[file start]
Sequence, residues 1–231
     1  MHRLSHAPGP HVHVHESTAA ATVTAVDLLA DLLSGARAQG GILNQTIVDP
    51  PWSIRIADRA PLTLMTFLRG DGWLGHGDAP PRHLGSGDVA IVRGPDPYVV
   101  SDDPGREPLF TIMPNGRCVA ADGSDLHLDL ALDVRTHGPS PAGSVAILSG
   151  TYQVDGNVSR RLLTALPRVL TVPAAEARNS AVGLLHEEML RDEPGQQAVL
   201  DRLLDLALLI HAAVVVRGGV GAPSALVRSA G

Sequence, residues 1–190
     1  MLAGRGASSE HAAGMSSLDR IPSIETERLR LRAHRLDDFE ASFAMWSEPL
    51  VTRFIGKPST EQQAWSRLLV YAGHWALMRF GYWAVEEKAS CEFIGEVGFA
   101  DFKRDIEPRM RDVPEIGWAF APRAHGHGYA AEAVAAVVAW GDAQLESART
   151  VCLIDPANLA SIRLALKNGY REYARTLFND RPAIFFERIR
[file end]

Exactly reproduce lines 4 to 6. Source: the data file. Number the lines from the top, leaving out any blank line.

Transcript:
   101  SDDPGREPLF TIMPNGRCVA ADGSDLHLDL ALDVRTHGPS PAGSVAILSG
   151  TYQVDGNVSR RLLTALPRVL TVPAAEARNS AVGLLHEEML RDEPGQQAVL
   201  DRLLDLALLI HAAVVVRGGV GAPSALVRSA G